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Large-Scale Study: How to Rank for Featured Snippets in 2018

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Large-Scale Study: How to Rank for Featured Snippets in 2018

A.J. Ghergich
Large-Scale Study: How to Rank for Featured Snippets in 2018

In a study conducted by SEMrush and Ghergich & Co., we analyzed 1.6 million featured snippets. Furthermore, we analyzed 80 million keywords. The goal was to break down featured snippet percentages by keyword group.

Our focus was on questions, prepositions, and comparisons search phases. I have seen great success earning featured snippets in these three areas. But I wanted the data to back up what I saw on the ground. Now, thanks to SEMrush, I have it. TL;DR Raw Data Linked at the bottom of this article.

Let's start by looking at the power of question keywords.

New to Featured Snippets? The data says start here!

Questions show a 480% increase in the percentage of keywords with featured snippets

Something shocking happens when I remove questions, prepositions, and comparisons from our large data set. Contrary to popular belief, only 7% of generic keywords have featured snippets. Small studies show higher numbers, but 80 million keywords is the largest study I have seen.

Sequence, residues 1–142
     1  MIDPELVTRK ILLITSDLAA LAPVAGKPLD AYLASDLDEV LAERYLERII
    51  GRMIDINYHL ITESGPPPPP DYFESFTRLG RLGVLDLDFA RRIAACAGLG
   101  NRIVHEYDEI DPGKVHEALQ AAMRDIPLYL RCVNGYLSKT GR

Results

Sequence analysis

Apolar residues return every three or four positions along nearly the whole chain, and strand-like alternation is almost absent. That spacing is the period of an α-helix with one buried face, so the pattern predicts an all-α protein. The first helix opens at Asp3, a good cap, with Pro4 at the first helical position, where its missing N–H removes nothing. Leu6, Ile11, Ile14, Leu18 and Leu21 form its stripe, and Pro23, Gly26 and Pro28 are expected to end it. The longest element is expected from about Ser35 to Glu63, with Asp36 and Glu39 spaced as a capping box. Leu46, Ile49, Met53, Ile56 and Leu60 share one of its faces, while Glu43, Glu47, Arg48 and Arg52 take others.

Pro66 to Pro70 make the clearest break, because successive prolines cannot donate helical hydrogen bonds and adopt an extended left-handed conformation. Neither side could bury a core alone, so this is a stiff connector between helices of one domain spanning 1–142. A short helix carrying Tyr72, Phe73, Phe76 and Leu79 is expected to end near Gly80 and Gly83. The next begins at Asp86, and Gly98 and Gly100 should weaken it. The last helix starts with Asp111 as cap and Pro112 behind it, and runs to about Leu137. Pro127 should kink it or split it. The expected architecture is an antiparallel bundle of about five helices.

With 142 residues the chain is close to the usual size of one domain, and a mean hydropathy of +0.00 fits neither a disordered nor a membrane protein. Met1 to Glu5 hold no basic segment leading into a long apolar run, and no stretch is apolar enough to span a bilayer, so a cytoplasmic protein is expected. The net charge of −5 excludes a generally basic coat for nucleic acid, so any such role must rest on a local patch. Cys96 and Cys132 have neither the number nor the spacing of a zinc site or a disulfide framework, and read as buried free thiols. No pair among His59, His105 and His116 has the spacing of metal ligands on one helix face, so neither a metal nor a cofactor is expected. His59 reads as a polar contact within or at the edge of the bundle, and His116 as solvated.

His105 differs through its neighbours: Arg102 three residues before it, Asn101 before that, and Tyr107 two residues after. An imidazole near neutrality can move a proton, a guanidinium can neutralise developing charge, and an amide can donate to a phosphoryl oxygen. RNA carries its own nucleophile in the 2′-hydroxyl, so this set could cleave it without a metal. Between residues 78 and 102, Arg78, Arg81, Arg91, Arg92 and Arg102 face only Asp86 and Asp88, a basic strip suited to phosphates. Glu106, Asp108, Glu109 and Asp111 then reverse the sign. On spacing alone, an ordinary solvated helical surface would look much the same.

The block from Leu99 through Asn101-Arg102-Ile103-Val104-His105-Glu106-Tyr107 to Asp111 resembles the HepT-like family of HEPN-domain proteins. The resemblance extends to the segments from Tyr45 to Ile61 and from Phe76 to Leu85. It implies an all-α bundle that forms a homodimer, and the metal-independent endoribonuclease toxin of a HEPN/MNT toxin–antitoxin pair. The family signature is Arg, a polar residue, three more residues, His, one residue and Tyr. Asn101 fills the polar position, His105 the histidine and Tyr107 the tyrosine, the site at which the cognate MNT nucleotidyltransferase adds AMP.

(Generic keywords are any non-question, preposition, or comparison keyword.)

You can see in the chart that 41% of questions have featured snippets. Comparison and preposition keywords are also more likely to show featured snippets.

If you are starting to look at featured snippets, side with data and optimize questions.

Questions show a 480% increase in the percentage of keywords with featured snippets.

Featured Snippet Question Findings

Featured Snippet Questions Findings

What jumps off the page is how well questions do at earning paragraph featured snippets. The main exception to that rule is “how” phrases. “How to” keywords are fantastic at earning featured snippet lists.

Featured Snippet Preposition Findings